Working through the storm

March 02, 2018 11:38 PM

COLONIE - "Fridays are typically busier days across the board."

Add to a Friday night wet roads and leftover slush and you have what Captain Christopher Rench calls, the "challenge of the unknown."

Advertisement – Content Continues Below

"The weather forecast can change on a dime and we might get a forecast of three inches from last night to 10 inches this morning."

Armed with six crews to tackle the overnight shift, wet weather can be a bit of a nuisance when it comes to responding to an emergency.

"Anybody that has traveled in the Capital District understands how traffic can be you add a change in weather like snow or sleet and things go crazy."

For the most part, Captain Rench says it's a team effort, between patrols on the ground reporting conditions, to the fire department helping out EMS if they need to.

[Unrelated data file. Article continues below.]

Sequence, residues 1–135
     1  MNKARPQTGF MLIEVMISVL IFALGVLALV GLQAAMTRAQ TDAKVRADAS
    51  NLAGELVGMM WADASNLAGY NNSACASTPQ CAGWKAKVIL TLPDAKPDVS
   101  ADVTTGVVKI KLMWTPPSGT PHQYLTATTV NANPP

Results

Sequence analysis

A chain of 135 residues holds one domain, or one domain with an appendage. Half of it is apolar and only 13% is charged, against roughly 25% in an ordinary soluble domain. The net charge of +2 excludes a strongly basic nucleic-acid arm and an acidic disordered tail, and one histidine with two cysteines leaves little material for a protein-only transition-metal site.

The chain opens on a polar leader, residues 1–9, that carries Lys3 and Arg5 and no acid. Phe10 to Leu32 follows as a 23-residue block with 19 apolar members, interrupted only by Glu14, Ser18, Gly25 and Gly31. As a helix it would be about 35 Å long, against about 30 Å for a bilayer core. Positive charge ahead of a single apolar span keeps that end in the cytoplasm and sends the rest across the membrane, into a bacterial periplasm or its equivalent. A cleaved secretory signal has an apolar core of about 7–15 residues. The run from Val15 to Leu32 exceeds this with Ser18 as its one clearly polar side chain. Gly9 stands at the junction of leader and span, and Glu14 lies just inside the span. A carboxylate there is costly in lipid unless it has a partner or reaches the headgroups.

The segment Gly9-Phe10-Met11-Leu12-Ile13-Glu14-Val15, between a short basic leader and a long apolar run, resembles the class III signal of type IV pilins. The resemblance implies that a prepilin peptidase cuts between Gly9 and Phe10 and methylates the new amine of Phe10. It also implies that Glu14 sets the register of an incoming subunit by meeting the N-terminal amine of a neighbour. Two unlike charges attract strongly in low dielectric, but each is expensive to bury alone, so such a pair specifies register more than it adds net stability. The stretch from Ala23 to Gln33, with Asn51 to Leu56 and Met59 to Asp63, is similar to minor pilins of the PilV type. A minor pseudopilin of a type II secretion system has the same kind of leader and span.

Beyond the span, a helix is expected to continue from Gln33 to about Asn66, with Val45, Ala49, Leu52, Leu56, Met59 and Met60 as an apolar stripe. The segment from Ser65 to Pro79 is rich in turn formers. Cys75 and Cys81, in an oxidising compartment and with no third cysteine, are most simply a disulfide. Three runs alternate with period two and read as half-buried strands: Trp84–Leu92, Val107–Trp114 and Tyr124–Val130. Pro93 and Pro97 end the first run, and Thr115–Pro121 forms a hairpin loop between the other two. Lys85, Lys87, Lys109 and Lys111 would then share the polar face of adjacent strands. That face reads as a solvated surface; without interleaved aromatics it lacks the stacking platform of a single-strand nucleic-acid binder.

"When we run into a house that is not plowed or is not shoveled, that's when we have the shovels on the trucks the rock salt we can call in the fire departments," Rench said.

Snow doesn't seem to bother Ellie Alston, an experienced driver with Safe Care Mobility Services.

"Today was nothing for us. I want to say ice is the worst," Alston said.

He's been transporting patients in hospice care or those that need dialysis.

"The hardest part of my job is seeing people sick," Alston added.

He'll quickly tell you the most rewarding part is being able to help someone and there's no weather that'll keep him from doing that.

"It makes you feel like you're doing something and giving back."


Karen Tararache

Copyright 2018 - WNYT-TV, LLC A Hubbard Broadcasting Company

Relay Media Amp
Suspicious explosion in Austin

Community fundraiser held for grieving Rensselaer families

Rep. Tonko holds forum at Shaker High School

Sources: Six arrested in connection to Saratoga Co. drug ring

VT Maple Sugarhouses